The great samurai swordsman, Miyamoto Musashi, (1584–1645 AD) compiled a list of precepts known as the Dokudou:
1. Accept everything just the way it is.
2. Do not seek pleasure for its own sake.
3. Do not, under any circumstances, depend on a partial feeling.
4. Think lightly of yourself and deeply of the world.
5. Be detached from desire your whole life long.
6. Do not regret what you have done.
7. Never be jealous.
8. Never let yourself be saddened by a separation.
9. Resentment and complaint are appropriate neither for oneself nor others.
10. Do not let yourself be guided by the feeling of lust or love.
11. In all things have no preferences.
12. Be indifferent to where you live.
13. Do not pursue the taste of good food.
14. Do not hold on to possessions you no longer need.
15. Do not act following customary beliefs.
16. Do not collect weapons or practice with weapons beyond what is useful.
17. Do not fear death.
18. Do not seek to possess either goods or fiefs for your old age.
19. Respect Buddha and the gods without counting on their help.
20. You may abandon your own body but you must preserve your honour.
21. Never stray from the Way.
The movie clip shows the real life event where Musashi showed up to a duel with a wood sword––a huge insult––and killed his adversary.
Watch an excellent documentary on his life here.
Over the course of three years filmmaker Meghan Eckman tracked the comings and goings of a solitary parking lot in Charlottesville, Va., chronicling the lives of the attendants who worked there.
Hanging tough as they navigate the range of human emotions––from hope to frustration, from a sense of limitless possibilities to stagnation--the film's subjects illustrate what happens when highly educated brainiacs work in a service industry.
You will enjoy. Have I let you down before?
The wedding of a royal prince and his bride satisfies many desires:
our need for a hero and a heroine,
our need for a happy story and a happy ending,
our need to believe in love.
The British establishment, whether consciously or not, have elevated this ritual to the highest level and deserve praise for the brilliance with which they carry it out.
I can vouch for this. I was at the gates.
[click to enlarge]
I became sufficiently smitten with Amelia Earhart while working on a research project about the ill-fated pilot to put her on my 'American heroes' list alongside Ali, and Armstrong. (No, not the pedaler/pedler.)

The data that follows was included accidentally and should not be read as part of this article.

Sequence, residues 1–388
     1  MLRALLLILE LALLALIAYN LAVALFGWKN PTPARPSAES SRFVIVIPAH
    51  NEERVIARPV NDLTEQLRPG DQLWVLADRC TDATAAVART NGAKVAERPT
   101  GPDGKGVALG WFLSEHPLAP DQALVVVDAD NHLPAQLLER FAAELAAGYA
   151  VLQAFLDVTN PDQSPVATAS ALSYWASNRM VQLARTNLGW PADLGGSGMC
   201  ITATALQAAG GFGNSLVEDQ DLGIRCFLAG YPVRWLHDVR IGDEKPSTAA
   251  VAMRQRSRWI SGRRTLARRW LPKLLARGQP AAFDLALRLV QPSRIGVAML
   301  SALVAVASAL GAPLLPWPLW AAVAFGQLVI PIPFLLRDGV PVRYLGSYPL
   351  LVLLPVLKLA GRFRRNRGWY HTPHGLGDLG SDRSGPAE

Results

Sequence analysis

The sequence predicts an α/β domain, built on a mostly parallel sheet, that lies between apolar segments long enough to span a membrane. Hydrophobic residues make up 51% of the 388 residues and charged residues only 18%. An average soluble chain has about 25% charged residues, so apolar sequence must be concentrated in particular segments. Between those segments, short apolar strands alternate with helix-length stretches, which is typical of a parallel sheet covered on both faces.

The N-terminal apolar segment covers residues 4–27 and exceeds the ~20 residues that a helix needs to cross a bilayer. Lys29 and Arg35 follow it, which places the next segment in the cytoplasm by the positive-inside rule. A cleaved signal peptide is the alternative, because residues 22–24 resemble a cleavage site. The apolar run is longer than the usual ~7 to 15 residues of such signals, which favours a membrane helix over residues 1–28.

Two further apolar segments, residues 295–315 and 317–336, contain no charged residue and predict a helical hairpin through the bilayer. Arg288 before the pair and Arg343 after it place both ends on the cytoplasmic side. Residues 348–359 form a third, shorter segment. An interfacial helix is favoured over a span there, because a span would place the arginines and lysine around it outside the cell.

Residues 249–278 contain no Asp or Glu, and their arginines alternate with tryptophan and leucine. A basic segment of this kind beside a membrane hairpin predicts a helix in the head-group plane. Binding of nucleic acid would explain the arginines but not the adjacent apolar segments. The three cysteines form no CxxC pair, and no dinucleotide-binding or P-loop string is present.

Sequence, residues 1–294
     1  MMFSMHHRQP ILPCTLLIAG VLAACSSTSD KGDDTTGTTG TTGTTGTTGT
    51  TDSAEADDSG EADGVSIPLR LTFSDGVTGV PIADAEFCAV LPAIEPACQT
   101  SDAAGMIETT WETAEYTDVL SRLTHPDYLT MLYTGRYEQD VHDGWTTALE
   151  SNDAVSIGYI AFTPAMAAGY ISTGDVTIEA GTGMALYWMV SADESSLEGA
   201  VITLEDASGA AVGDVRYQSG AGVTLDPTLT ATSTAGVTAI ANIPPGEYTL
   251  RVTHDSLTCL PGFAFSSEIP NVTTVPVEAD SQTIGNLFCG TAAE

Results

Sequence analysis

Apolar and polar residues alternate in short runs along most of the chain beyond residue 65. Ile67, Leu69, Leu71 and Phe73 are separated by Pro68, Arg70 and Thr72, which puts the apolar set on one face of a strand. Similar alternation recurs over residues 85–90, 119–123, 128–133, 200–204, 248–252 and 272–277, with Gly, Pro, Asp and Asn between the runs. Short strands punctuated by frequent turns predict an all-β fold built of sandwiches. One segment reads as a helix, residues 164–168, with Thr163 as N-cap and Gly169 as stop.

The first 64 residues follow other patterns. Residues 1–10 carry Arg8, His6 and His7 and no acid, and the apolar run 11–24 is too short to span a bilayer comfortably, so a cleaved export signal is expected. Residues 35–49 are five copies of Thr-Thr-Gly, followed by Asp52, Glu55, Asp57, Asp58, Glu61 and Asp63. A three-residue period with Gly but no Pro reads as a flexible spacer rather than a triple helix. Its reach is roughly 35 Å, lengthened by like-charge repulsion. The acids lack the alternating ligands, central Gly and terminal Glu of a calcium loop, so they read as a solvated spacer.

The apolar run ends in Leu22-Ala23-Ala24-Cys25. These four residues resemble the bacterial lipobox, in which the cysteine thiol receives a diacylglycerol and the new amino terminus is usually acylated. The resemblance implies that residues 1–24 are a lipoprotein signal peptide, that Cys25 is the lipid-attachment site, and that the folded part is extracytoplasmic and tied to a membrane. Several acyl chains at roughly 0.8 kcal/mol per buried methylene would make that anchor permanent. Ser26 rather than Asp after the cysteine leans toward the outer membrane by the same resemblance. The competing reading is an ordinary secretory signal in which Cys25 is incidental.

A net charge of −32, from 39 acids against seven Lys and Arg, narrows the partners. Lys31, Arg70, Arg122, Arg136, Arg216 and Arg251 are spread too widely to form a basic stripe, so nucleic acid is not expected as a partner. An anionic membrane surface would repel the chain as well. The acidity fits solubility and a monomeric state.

This prenuptial typed in 1932 from AE to GPP (George Putnam, the publishing heir) outlining the rules of their future marriage only adds to her mystique.
Ask yourself this: Would you marry this girl?
Players from the LA Angels douse the crook-in-chief.
Love the team-mate's incredulous look.
Love the 'ban the bomb' T-shirt.
Love the microphones eager to capture Dick's response.
Love to know who had the balls.
No way anyone gets this close to POTUS today.
I've been trying to write a post about procrastination for a week now, but just haven't been able to get around to it.
Well, why procrastinate today when you can put it off until tomorrow?
Because chronic procrastinators relish the thrill of riding deadlines to the eleventh hour is why. Confronted with a one week deadline people in general split into two camps:
Those who begin immediately, complete the project in three days, then spend the remaining four days fine-tuning, rewriting, and reflecting on the fruits of their labor. (If the deadline's yanked forward two days, no need to panic.)
In the other camp are those who postpone the inevitable then begin only when the tension becomes unbearable.
And that's the riddle's answer right there: procrastinators are adrenaline junkies.
The endorphin release from solving the problem at 11:59pm is a higher high than completing the project days in advance. (As those with Attention Deficit Disorder well know, it's only adrenaline that allows their minds to focus on any given assignment.)
Such brinkmanship however rarely leads to great work; studies have shown that people are less creative when fighting the clock because time pressure means they can't deeply engage with the problem fully. Creativity requires an incubation period; the subconscious mind needs time to soak in a problem and let ideas bubble up.
And although perfectionism is commonly cited as a cause of procrastination––"it'll never be good enough so I never start"––a 1996 study by Robert Slaney found that adaptive perfectionists are in fact less likely to procrastinate than non-perfectionists.
But take heart, the penalties for skipping a deadline aren't what they were: when the first penitentiary at Folsom was built it had neither walls nor fences, just a white line that if you crossed you got shot.
It was called the deadline.
Have been secretly enjoying Tweak Today for a while now. Every day fans of this site post a suggestion for a new 'mission' and fellow Tweakers vote on the suggestion, then upload their responses.
Missions range from 'Photograph everything that’s in your bag or purse,' (above) to 'Get up early and watch the sunrise. Document,' and 'Close your eyes and draw something. Let us guess what it is.'
You could call it consumer research, but I guess I'm just as nosy as the next guy.